More broadly, I can’t help but wonder at the timing of another DOJ inquiry into elite admissions. This is a small piece of a small percentage of higher education access problems. But it fits a narrative of liberal elites opportunity hoarding against an aggreived white working/middle class. That is, this is identity politics of the revanchist type. Railing against the coastal elites, like elite SLACs or Harvard admissions. I don’t have full confidence this is in good faith based on concerns over equity in access for marginalized people of all types and races or a true anti-trust concern (sharing the info of people who have signed an agreement and then did not follow that agreement seems reasonable on its face).

#4 Comment By Doug On April 17, 2018 @ 10:47 am

Irrelevant to this thread, but I wanted to alert EphBlog to Zach Wood ’18 doing big things (that the college refuses to acknowledge because he has embarassed the college with his sensibility over and over).

He was a speaker for TED 2018. Not TEDx: the genuine TED series that millions will view once the talks are edited and uploaded online. He was part of the premier lineup alongside incredibly influential scientists and artists. See: https://ted2018.ted.com/speakers

He also has a book deal with Penguin Random House. It features Sawyer Quad on the cover. https://www.penguinrandomhouse.com/books/562651/uncensored-by-zachary-r-wood/9781524742447/

He is above and beyond the most famous current Williams student. Thought Ephs might find this interesting.

#5 Comment By anonymous On April 17, 2018 @ 11:39 am

But why do they want to bust a rare student? Or is ED dishonesty widespread?

#6 Comment By David Dudley Field ’25 On April 17, 2018 @ 12:07 pm

> But why do they want to bust a rare student?

All bureaucracies dislike it when people break their rules.

#7 Comment By David Dudley Field ’25 On April 17, 2018 @ 1:01 pm

> identity politics of the revanchist type

New motto for EphBlog?

Not that there is anything wrong with that!

#8 Comment By abl On April 17, 2018 @ 1:25 pm

anonymous —

Schools should be bound to the promises that they make. For a school that promises need-based finaid, it seems reasonable to expect that school to make a good faith effort to meet that promise for all admitted students, including for those who are locked in via ED. If a school is unable or unwilling to meet its promises, it should not expect its affected applicants to meet theirs — legally or morally. For example: if your child applied for the 2019 year but was offered a spot in 2020, I don’t think anyone would have any compunctions about “breaking” that ED commitment. Why is it any different in the context of need-based finaid?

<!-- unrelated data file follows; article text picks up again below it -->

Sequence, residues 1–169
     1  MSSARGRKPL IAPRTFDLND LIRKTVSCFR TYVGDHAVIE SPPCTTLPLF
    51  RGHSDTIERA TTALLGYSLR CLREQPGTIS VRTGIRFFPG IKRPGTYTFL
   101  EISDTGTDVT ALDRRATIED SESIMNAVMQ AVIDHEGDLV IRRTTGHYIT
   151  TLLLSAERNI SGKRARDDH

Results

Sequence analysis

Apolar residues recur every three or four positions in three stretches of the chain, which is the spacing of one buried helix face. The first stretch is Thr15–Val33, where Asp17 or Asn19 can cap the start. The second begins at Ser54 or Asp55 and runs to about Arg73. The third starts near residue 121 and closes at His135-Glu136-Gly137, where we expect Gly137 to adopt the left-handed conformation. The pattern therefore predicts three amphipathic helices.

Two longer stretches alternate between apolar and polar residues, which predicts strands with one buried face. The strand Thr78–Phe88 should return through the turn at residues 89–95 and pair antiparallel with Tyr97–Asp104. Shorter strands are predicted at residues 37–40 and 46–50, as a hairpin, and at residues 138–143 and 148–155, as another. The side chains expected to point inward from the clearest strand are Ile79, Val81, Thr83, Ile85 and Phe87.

If I’m misreading you and you’re arguing that ED candidates shouldn’t be shopping around reasonable finaid offers to look for something just a little bit better, I think I’d hesitantly agree (with some caveats along the lines of sigh’s post re the burden such a system places on lower-income applicants). There’s a difference between a parent being disgruntled at not receiving quite as much aid as she expected or hoped for, and a parent genuinely believing that the school did a poor job calculating need (and that other schools might do a materially better job).

If I’m not misreading you, I’m genuinely surprised by your attitude re finaid and ED. It sounds like (from other posts that you’ve made) you are pretty dissatisfied with the finaid package(s) that your kids were offered, and that you don’t believe that the school(s) in question really made a good faith effort to meet the demonstrated need of your children. There’s something profoundly unfair about your guidance counselor’s perspective that you should be stuck, in such circumstances, paying more than what you reasonably can just because your kids applied ED.

#9 Comment By anonymous On April 17, 2018 @ 2:05 pm

To the contrary, I knew that I would never see a dime of financial aid from SLACs and that was the case, so I wasn’t surprised. I’m simply frustrated that I fall into a niche where my income is too high for need-based aid, but retail is actually incredibly difficult for me to pay. There are many people out there with this problem and their kids often attend less prestigious schools who offer generous merit-aid and/or state flaship honors programs. There is an article about this in today’s WSJ.

Because I knew we’d never see any financial aid, ED made perfect sense for my kids. Kids like mine get snapped up in ED – full pay AND qualified! Let’s face it, schools fill up their ED spots with such kids. I’ve seen my kids’ friends equally qualified academically be denied ED due to great need. I suppose this is unfair, but such kids end up OK in RD it seems. ED does benefit the wealthy, but maybe also eventually helps to spread the wealth. The schools need to get tuition money from some people. The wealthy use ED to gain one of the rare advantages white elites still have, for better or worse.

#10 Comment By frank uible On April 17, 2018 @ 2:18 pm

In the wonderful world of antitrust, competitors exchanging information is from clearly to suspiciously criminal.

#11 Comment By David Dudley Field ’25 On April 17, 2018 @ 2:20 pm

I think that you are making too much of a connection between wealth and ED.